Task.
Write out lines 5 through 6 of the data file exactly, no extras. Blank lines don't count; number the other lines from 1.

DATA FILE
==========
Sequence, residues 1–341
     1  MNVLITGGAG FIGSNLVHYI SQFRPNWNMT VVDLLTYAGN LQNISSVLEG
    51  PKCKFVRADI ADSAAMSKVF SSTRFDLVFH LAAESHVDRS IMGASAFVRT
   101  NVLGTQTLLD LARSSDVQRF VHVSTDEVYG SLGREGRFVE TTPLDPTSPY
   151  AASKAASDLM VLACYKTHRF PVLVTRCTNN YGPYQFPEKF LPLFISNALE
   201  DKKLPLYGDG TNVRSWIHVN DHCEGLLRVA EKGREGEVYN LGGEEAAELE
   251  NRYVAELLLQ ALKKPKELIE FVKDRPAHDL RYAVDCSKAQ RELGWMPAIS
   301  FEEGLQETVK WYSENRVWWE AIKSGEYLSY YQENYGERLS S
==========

   151  AASKAASDLM VLACYKTHRF PVLVTRCTNN YGPYQFPEKF LPLFISNALE
   201  DKKLPLYGDG TNVRSWIHVN DHCEGLLRVA EKGREGEVYN LGGEEAAELE